Taxpayer Identification Number (TIN)

A Taxpayer Identification Number (TIN) is a unique identification number used by the Internal Revenue Service (IRS) in the administration of tax laws. While there are various types of TINs, all businesses will have some form of TIN, which will act as a unique identifier of a business entity.

The list of TIN types are the following:

  • Social Security Number (SSN)
  • Employer Identification Number (EIN)
  • Individual Taxpayer Identification Number (ITIN)
  • Taxpayer Identification Number for Pending U.S. Adoptions (ATIN)
  • Preparer Taxpayer Identification Number (PTIN)

Today, Middesk focuses on entities that have EINs, also known as a Federal Tax Identification Numbers (FEIN), which are assigned to business entities, as well as estates and trusts.

All valid business entities will have an EIN issued by the IRS. The Federal government requires a legal entity have an EIN in order to pay employees and to file business tax returns. To be considered a Partnership, LLC, Corporation, S Corporation, Non-profit, etc., a business must obtain an EIN when incorporating.

EINs do not expire. Once an EIN has been issued to an entity, it will not be reissued. As such, each EIN is unique to a business and persists over time.

How Middesk helps verify EINs

Verifying the EIN of a business is a crucial part of business verification. When creating a Business through Middesk with a TIN, Middesk will verify that the EIN is valid and that it matches the name passed to Middesk. If the EIN is unable to be verified or does not match the name provided, Middesk will perform a series of lookups to identify alternate names that may be associated with that EIN.

Verifying a TIN and Business Name match is important for a couple of reasons:

  • All state and legal filings associated with a Business are typically traced through the Business's legal name. Without the correct entity legal name, Middesk is unable to conduct accurate screenings of that business for reports like Registration Records, which may subsequently delay onboarding.
  • If onboarding clients that will process over $20,000 and 200 payments in a calendar year, you must file a form 1099-K with the IRS. The 1099-K requires a merchant’s Tax ID, legal name, address, and total number of transactions for the calendar year. If the company files inaccurate, incomplete, or tardy returns, it may be fined hundreds of dollars per erroneous filing, with no maximum penalty.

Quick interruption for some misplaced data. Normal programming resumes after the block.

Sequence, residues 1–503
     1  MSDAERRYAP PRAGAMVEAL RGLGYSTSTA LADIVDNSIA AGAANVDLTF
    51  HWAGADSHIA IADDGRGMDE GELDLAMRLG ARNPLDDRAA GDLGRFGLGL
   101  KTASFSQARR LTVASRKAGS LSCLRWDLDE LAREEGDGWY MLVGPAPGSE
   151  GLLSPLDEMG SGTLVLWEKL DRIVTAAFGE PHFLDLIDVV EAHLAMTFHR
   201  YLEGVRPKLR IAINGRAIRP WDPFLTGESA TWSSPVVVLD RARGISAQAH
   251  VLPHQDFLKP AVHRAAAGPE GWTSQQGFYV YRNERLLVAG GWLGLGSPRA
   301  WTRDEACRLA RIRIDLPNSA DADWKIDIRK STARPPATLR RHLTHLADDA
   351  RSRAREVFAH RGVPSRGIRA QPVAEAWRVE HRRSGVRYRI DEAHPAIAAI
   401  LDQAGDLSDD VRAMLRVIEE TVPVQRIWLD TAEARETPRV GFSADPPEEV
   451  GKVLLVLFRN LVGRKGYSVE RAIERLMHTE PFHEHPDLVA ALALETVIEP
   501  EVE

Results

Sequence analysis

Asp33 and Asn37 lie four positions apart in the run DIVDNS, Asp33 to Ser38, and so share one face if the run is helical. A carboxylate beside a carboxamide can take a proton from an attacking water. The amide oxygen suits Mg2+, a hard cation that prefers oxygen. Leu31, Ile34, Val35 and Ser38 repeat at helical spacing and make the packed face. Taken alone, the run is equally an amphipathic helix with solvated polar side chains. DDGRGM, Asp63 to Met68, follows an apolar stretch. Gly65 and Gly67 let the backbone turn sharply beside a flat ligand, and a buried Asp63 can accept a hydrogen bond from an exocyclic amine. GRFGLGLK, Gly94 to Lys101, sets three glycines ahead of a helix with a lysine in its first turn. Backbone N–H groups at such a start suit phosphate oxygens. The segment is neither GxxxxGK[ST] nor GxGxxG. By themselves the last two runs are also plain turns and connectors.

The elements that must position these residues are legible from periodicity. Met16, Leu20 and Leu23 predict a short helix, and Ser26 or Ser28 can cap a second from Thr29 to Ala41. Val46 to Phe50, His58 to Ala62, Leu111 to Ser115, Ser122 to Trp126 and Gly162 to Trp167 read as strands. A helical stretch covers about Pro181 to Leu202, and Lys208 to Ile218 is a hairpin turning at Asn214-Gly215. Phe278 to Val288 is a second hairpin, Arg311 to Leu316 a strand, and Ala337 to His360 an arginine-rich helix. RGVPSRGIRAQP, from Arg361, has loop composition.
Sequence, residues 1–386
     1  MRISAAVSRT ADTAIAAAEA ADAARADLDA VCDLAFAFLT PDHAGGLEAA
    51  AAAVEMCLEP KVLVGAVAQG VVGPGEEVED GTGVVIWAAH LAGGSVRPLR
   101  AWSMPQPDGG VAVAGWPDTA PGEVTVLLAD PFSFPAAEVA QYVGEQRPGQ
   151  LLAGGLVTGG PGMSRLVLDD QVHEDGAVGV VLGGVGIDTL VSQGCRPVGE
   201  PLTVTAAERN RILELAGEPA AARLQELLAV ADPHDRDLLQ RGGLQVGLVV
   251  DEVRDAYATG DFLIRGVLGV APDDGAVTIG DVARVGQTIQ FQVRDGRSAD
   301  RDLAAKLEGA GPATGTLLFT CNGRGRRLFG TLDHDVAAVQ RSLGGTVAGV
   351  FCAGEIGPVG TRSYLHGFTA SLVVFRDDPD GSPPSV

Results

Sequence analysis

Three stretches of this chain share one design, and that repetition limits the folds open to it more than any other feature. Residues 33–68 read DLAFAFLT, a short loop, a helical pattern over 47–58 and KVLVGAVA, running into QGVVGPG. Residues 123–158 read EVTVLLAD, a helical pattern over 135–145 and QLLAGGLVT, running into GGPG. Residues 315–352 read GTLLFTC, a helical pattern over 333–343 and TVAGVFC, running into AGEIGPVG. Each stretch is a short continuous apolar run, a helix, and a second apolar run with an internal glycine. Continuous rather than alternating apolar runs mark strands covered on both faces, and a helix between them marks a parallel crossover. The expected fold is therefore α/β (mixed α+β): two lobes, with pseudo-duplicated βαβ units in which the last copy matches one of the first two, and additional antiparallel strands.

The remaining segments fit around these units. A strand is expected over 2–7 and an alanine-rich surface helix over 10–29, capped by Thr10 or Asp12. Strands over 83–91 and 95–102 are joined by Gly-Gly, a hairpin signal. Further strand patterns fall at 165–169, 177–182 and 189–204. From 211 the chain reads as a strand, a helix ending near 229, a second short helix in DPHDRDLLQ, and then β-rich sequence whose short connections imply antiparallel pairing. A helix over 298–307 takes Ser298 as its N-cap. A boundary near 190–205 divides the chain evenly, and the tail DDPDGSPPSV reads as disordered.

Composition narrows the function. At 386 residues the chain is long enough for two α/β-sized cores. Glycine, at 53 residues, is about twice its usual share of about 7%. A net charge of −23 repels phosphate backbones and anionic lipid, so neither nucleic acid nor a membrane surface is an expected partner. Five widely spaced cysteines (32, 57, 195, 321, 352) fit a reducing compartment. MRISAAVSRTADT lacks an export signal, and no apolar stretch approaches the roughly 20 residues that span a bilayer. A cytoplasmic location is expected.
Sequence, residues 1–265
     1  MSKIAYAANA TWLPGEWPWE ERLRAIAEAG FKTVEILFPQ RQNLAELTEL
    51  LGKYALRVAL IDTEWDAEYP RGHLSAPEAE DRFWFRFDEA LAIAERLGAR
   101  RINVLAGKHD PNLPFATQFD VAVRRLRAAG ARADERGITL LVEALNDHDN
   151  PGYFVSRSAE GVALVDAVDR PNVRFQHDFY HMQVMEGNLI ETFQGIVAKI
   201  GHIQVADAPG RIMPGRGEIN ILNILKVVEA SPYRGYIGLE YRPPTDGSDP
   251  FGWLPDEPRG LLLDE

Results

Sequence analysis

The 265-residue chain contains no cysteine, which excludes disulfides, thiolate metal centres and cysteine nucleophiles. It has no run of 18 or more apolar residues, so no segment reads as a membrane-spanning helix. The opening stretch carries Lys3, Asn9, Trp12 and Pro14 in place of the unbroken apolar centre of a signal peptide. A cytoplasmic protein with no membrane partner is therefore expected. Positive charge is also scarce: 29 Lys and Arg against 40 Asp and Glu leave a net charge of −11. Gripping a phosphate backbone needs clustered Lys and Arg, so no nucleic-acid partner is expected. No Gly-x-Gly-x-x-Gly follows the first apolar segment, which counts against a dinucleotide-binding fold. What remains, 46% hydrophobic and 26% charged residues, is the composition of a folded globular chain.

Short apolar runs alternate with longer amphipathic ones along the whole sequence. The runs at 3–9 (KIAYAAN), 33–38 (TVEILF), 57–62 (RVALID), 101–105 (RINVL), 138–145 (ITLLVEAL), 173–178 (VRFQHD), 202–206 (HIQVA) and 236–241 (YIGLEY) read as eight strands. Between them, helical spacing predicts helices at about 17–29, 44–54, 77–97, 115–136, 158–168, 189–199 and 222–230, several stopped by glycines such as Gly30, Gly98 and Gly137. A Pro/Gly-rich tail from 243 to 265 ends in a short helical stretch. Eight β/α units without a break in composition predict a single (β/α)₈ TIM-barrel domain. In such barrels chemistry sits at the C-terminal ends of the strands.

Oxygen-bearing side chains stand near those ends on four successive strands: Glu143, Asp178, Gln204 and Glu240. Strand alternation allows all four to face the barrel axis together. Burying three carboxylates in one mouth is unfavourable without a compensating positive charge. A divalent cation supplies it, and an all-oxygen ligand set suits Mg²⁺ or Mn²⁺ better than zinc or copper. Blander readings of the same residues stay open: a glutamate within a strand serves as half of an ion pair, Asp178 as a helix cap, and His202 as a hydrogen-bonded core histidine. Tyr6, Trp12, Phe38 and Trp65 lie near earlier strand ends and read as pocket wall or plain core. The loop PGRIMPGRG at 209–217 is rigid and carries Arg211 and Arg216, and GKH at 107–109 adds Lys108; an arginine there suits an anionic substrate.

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TIN Formating

All TINs should be passed as a 9-digit number with no formatting. For example, Middesk's TIN of 37-1883180 should be passed as 371883180.

When a TIN is passed for verification, Middesk can return any of the following responses

statuslabelsub_label
SuccessThe IRS has a record for the submitted TIN and Business Name combinationFound
FailureWe believe the submitted TIN is associated with a different Business NameMismatch
FailureThe IRS does not have a record for the submitted TIN and Business Name combinationNot Found
FailureTIN/name failure - Duplicate requestDuplicate
FailureTIN/name failure - IRS is unavailableUnavailable

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Verifying EINs against submitted people

Based on IRS documents, some small businesses like single-member LLCs have EINs that match against an officer's name instead of the registered business name. Middesk has an optional feature to verify if the submitted EIN matches the person's name in the case that it failed to match with the business name. Contact your account manager or [email protected] if you would like to opt-in, and see our reference for additional information.

In the case of an error

If there is a Duplicate request or IRS unavailable error, the TIN will be retried and should be available up to several hours after the initial request. IRS unavailable errors will be retried as soon as the IRS becomes available again, which can range anywhere from several minutes to several hours. For Duplicate Request errors, they will be retried several hours after the initial request was made. If the request fails during the retry attempt, the TIN will be rescheduled and retried until the request is successful. Upon a successful retry, a tin.retried webhook will be emitted.

TIN Retry Workstream:

  • End user submits a business by calling Middesk’s Create a Business Endpoint
  • Middesk sends a business.created webhook indicating that the business was successfully created in our system and evaluation of the business begins
  • Middesk parses and returns SOS results successfully. However, the call out to the IRS API fails due to downtime. The other attributes have been completed successfully, so Middesk moves this business from “status”: “pending” to “status”: “in_review”
  • This status change results in Middesk sending a business.updated webhook. This webhook shows the IRS error
  • Middesk begins retrying the TIN request to the IRS ~6 hours until it can be completed successfully
  • Middesk sends a tin.retried webhook with the updated results from the successful call to the IRS API
  • [Optional] - Upon receipt of the tin.retried webhook, you can make a request to Middesk’s Retrieve a Business endpoint, passing in the business_id field received in the webhook. Middesk returns the full business object in the response, which includes the updated tin information

For more details about TINs, see our reference or reach out to [email protected]


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